Ariaan and Peter – as founding members of Cubicolor – where did your musical journeys begin? When did you start producing?
We both started producing in our teens. I guess we both had a love for playing around
with computers and synthesizers. Back then computers weren’t powerful enough yet to play audio, so everything was done via MIDI. You could say that when it comes to computer-based music production, we were there from the very beginning.
How has the Cubicolor sound developed since you guys started out in 2014?
It took us a little while to figure out exactly what we wanted to do. One of the main ideas we had was to bring songwriting more to the front and focus on songs within the ‘electronic deep’ context we had established. As soon as we hooked up with Tim D we were able to start realising this idea. We wanted Cubicolor to be a project that didn’t only have nice music and nice sounds, but also great lyrics and great vocal performances. Working with Tim D has enabled us to go down this road. We’re very excited to see where it will take us!
With the debut album about to launch, what were the main influences behind the
There are too many influences to go over. We’re three artists all with different backgrounds and different tastes. However we all love music from all different styles, we all love electronic music and we all love a good song. Also we just wanted to follow the inspiration wherever it would lead us and make something that had its own unique sound and feel. Something that didn’t sound like another copy of a copy of a copy.
How are you feeling about the launch? Are you excited for the release or more nervous? Or a combination?
Well, things have been going very very well so far, which is a blessing. I can say honestly we didn’t have any idea how this music would be received. When you take risks, the outcome is more uncertain. However, we’re very proud of the music we’ve made and also the risks we took.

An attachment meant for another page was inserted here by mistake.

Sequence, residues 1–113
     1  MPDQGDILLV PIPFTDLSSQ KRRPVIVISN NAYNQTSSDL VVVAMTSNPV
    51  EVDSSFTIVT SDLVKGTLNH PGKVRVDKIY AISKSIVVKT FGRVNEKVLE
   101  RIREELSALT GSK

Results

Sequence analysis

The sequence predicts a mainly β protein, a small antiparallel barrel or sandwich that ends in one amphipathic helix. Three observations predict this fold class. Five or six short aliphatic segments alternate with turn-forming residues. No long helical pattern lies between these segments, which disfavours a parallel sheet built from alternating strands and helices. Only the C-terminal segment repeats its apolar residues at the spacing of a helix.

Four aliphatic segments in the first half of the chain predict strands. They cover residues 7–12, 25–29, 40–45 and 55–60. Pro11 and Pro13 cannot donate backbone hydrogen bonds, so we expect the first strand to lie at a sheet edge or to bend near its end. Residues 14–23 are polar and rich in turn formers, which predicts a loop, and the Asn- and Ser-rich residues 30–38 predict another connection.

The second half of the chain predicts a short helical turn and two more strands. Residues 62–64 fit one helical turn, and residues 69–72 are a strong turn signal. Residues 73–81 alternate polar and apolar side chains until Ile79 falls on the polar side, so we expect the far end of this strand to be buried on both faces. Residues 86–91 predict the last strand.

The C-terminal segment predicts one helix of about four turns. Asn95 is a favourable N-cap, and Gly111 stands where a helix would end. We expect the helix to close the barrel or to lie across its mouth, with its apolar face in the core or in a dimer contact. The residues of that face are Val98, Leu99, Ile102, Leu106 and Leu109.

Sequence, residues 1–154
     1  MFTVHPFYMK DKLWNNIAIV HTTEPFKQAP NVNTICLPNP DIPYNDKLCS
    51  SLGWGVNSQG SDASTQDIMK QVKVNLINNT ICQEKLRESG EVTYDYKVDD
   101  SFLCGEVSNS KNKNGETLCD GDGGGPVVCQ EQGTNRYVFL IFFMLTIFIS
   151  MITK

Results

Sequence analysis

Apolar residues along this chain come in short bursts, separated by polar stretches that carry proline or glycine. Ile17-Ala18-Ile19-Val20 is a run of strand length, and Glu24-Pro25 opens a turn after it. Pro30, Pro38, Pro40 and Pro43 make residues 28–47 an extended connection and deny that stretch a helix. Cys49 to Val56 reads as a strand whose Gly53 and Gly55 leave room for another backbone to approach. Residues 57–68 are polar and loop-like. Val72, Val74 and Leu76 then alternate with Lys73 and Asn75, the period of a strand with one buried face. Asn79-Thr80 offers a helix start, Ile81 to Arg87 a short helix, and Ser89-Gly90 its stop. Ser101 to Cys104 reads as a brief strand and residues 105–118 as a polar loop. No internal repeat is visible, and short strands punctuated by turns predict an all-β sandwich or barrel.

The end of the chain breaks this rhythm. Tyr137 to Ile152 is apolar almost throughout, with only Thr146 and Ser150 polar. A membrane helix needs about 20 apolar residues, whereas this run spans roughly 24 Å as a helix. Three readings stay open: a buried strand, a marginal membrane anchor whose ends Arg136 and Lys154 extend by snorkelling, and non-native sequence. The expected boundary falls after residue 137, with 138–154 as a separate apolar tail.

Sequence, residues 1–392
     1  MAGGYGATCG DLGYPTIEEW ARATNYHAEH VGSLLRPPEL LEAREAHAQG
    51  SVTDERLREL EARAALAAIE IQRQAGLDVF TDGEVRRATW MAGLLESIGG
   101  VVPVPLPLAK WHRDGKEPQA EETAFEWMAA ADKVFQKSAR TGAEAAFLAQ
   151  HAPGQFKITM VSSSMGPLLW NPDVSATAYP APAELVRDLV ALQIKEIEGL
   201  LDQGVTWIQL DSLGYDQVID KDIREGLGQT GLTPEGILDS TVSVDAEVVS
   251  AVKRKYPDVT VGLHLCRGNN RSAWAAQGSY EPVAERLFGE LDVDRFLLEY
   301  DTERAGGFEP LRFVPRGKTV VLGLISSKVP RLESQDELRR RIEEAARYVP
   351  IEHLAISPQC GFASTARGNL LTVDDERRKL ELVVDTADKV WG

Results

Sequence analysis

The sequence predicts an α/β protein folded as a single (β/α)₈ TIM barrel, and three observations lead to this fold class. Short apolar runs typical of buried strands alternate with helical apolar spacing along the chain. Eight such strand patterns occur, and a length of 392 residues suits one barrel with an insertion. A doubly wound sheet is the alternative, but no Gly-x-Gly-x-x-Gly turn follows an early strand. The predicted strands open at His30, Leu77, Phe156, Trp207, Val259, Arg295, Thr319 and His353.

Having now officially brought Tim Digby-Bell on board after your brilliant collaborations on ‘Falling’ and ‘Mirror Play’, how has that shaped the creation process of Cubicolor?
Tim is now a full-fledged member. So we focus on writing songs and just let the songs take us wherever they lead. We’ve become more free and more confident in what we do. And working with Tim is a great pleasure, he is a great artist and a great person who brings a good vibe into the studio.
Given the releases so far off the new album, there is real variation in the sound across the different tracks; was it your aim to showcase your diversity as an act on the album?
Not really. The aim was to just be free and make the music that comes out naturally. Before we were still thinking too much in terms of boxes and fixed styles. Once we let that go our music became more diverse. But showcasing our diversity wasn’t the goal, the goal was to be as honest and unrestricted as we could be. Whatever came out, came out.
Brainsugar is a particular favourite track of ours, can you tell us more about the creation of the song?
In all honesty that one only took a few hours to make. It was quite an effortless birth, so to speak. Aad had made some beats based on samples he had recorded while on the road, and I finished the track using those beats. We didn’t really think about it, but people seemed to like the track so we kept it.
You’ve seen great successes under the Anjunadeep label and been heavily supported by a range of heavyweight DJs and media, did you anticipate this success or has it come as a surprise?
We never really anticipate success. We try to do our best to create music. Once it gets out there then what will happen will happen. It is out of our control. Of course, we love to reach as many people as possible with our music. But it’s not something that can be anticipated to happen.
You’re playing at The Warehouse Project in Manchester later this year and we understand you’re currently developing a full live show, what else can you tell us about what you have in store?
Yes, we’re currently developing our live show. We’re hoping to take the show on the road starting somewhere early next year!
As a final question, given we are an arts-based magazine of all mediums, if you could recommend something to us, (besides your music!) to either listen to, read or watch, what would it be?
(Peter) There are 2 songs plus videos by Steven Wilson that I personally love, quite heavy but beautiful at the same time. Check out Steven Wilson – Drive home and Steven Wilson – The raven that refused to sing.
(Tim) I was just up at the Edinburgh Festival and saw this amazing Ukrainian Folk-Opera called Counting Sheep (http://countingsheeprevolution.com/theplay/).
Also I’d really recommend Ben Lerner’s novel, Leaving the Atocha Station. And for a film try Yorgos Lanthimos’ excellent, The Lobster.
Interview by Tom McGivan